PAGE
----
Trafficking in persons, or human trafficking, is the second most lucrative illegal trade in the world today.
It was also one of the four main themes the Institute of Middle East Studies (IMES) addressed at our recent Middle East Conference (MEC) 2013 held on June 17-21, exploring the issue of human rights from both biblical and Islamic perspectives. We felt that the multi-faced practice of human trafficking was of such critical importance that we could not ignore it.
At MEC 2013, we explored issues related to the internal trafficking of children for labor in Lebanon, the trafficking of women to be abused within the Lebanese sex industry as well as the enormous issue of the trafficking of migrant domestic workers in and beyond Lebanon.
It is this final dimension of human trafficking to which I turn in this column.
Human trafficking has been defined by the U.S. State Department as: “The recruitment, harboring, transportation, provision or obtaining of a person for labor or services, through the use of force, fraud or coercion for the purpose of subjection to involuntary servitude, peonage, debt bondage or slavery.”
I believe this definition applies to far too many migrant domestic workers living within Lebanon and the wider Middle East and North Africa (MENA) region.
Recently, a high profile case of alleged trafficking involving a Saudi princess was reported across the media. Meshael Alayban, 42, one of the wives of Saudi Prince Abdulrahman bin Nasser bin Abdulaziz, was arrested for human trafficking in Irvine, Calif.
It is alleged that in 2012 Alayban employed a Kenyan woman and brought her to Saudi Arabia for the purposes of carrying out domestic work.
The contract stated that the unnamed woman would receive $1,600 a month for working five eight-hour days per week. The reality was very different, as the Kenyan woman was forced to work 16 hours a day, seven days a week, and was paid only $220 per month since March 2012. This equates to less than 50 cents per hour.
Upon moving to southern California, the Kenyan woman was also forced to work in four different apartments in the building within which she was trapped.
Furthermore, the woman’s passport was taken by Alayban and only given back long enough for her to enter the U.S., when she, along with four other migrant women from the Philippines, arrived in May of this year.
In the U.S., the Kenyan woman managed to escape and flag down a bus on which she explained to a fellow passenger that she thought she might be a victim of human trafficking. The passenger helped her to alert the authorities and, as a result, police later raided Alayban’s building.
Following an investigation, Alayban was arrested and bail was set (and paid) at $5 million. Alayban was due back in court on July 18.
If, in due course, she is found guilty of human trafficking, she faces a maximum prison sentence of 12 years, thanks to new anti-trafficking legislation in California.
While this has become a high profile case and is no doubt shocking to many readers, the reality is that there will be many in my part of the world who will be scratching their heads and wondering what the big deal is.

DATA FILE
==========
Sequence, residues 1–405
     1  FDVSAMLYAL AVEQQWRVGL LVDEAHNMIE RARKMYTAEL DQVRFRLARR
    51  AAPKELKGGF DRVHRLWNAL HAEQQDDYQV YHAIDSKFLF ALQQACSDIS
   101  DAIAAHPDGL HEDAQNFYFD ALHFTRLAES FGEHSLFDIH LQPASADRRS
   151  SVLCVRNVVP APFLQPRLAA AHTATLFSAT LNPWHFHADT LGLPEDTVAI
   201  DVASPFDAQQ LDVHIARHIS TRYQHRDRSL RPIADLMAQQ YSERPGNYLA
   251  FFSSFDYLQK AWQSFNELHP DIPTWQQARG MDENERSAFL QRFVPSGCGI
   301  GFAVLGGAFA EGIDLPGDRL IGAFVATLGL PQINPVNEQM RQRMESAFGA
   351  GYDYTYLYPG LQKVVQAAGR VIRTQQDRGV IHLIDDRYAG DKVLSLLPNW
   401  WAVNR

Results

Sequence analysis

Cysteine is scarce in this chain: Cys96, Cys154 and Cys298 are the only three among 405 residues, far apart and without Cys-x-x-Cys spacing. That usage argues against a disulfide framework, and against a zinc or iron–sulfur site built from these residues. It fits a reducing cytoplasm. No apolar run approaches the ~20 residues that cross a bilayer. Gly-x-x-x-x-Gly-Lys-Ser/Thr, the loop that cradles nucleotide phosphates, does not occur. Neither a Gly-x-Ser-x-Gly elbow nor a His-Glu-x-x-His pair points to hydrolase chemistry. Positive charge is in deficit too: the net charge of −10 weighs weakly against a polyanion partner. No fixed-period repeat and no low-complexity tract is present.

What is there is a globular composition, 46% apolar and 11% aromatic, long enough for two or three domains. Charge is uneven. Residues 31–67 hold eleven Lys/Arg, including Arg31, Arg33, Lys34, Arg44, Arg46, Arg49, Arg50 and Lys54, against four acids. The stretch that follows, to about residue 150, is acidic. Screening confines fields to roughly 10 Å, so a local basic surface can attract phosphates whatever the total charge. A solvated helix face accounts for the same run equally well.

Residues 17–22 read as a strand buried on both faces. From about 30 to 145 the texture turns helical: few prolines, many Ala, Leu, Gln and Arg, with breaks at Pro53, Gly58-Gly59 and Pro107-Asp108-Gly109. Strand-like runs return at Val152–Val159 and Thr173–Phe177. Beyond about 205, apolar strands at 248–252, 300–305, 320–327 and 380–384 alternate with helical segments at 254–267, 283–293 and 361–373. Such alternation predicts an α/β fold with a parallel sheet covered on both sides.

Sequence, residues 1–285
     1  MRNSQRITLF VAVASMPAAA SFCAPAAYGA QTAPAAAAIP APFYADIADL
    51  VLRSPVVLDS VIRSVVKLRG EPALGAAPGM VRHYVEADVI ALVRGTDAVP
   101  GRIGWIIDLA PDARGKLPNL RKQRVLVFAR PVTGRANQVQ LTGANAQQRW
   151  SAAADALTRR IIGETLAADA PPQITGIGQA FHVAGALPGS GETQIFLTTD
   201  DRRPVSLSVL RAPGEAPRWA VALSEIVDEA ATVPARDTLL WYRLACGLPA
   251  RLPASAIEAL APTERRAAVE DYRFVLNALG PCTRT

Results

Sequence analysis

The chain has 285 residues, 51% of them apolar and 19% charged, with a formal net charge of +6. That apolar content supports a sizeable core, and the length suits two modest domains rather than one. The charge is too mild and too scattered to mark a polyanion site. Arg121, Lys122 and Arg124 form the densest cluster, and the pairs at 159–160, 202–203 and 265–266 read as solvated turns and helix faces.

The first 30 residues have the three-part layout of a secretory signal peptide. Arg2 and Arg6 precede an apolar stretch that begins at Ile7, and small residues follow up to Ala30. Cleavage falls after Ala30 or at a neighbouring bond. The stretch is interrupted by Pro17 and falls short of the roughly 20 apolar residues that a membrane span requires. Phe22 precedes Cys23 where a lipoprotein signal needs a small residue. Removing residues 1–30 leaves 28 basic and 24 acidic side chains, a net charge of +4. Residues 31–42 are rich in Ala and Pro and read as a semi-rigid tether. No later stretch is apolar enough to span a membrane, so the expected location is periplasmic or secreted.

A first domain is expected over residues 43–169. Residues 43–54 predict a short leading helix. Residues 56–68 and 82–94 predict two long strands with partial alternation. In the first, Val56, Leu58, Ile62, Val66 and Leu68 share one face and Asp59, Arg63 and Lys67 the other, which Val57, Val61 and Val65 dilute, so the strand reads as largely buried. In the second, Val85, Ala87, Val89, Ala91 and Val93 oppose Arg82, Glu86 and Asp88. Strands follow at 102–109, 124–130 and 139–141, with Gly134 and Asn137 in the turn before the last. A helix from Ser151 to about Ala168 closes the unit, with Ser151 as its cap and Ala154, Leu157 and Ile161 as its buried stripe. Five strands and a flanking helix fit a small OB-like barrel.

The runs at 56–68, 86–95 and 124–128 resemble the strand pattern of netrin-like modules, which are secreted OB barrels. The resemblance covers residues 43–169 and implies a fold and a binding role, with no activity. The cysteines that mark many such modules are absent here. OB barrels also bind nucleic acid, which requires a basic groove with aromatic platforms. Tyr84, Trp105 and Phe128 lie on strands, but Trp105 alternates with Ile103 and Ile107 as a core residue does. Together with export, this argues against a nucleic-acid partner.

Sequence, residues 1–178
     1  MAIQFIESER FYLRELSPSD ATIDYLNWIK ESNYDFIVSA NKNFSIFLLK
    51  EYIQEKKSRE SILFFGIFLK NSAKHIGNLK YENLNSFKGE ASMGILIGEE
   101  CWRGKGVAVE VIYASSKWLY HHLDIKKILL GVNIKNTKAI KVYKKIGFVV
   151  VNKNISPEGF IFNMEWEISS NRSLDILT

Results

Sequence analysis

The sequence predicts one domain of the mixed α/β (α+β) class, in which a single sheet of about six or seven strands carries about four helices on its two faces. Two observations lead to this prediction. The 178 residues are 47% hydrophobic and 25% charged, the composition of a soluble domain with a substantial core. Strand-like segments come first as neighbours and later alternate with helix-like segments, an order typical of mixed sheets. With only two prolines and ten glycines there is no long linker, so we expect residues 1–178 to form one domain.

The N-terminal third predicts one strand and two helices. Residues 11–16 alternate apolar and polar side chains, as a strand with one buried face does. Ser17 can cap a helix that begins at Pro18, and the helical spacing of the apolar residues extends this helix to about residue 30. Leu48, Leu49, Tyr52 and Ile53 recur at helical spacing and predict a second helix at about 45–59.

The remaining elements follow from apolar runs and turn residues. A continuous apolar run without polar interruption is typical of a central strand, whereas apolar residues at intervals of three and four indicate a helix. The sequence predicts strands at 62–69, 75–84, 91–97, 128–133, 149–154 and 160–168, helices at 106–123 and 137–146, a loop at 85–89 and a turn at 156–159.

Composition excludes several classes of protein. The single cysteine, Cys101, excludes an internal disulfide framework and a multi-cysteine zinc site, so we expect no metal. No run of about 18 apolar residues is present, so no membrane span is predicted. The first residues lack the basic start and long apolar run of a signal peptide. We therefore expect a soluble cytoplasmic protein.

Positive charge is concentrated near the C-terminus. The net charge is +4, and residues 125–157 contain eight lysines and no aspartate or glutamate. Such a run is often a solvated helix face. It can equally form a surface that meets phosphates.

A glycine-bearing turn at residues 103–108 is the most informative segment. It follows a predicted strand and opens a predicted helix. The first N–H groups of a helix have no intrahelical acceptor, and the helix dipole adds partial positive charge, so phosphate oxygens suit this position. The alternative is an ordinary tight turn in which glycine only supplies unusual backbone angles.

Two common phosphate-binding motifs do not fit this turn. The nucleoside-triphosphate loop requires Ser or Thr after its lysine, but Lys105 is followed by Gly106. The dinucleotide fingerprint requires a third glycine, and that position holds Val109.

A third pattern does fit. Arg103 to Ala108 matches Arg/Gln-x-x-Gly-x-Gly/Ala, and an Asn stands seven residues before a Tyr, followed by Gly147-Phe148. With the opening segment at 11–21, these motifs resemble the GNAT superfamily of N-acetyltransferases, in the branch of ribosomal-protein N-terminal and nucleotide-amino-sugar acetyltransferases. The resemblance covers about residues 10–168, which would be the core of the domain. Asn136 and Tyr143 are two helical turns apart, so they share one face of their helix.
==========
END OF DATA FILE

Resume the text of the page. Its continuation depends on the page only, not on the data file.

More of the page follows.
This is an everyday reality for hundreds of thousands of women across the MENA region. The experience of the Kenyan woman is typical for far too many.
One difference, however, is the manner in which the Kenyan woman was treated once she escaped. Rather than being criminalized for “absconding without her travel documents,” she was protected by law and her employer has become the subject of investigation by the authorities.
Ghada Jabbour, head of the exploitation and trafficking in women unit at the Lebanese nongovernmental organization, “KAFA (Enough) Violence and Exploitation,” stated, in a personal interview that: “The mentality of owning the domestic worker exists throughout the Gulf and some Mashreq countries.
“This is exacerbated by the existence of the sponsorship system,” she said, “which puts the worker in a total dependency to her employer with regards to her legal status and in particular to her work and residency permits in the destination country.”
In much of the MENA region, if a migrant domestic worker manages to escape from an abusive home, they are unlikely to have their passports and, as such, will eventually be arrested, imprisoned or expelled from the country.
There is little or no protection under the current system to protect the victims of trafficking. In fact, the system virtually requires conditions comparable to the many definitions of human trafficking in existence.
For example, the U.N.’s Palermo Protocol describes a variety of different terms used for human trafficking, including: “involuntary [domestic] servitude,” “slavery or practices similar to slavery,” “debt bondage” and “forced labor.”
It is easy to find examples of each in Lebanon.
Arthur Brown is the assistant director of the Institute of Middle East Studies based in Mansourieh, Lebanon. A longer version of this column first appeared on the IMES blog and is used with permission.
Editor’s note: This is the first of a two-part series on human trafficking. Brown’s second column will appear tomorrow.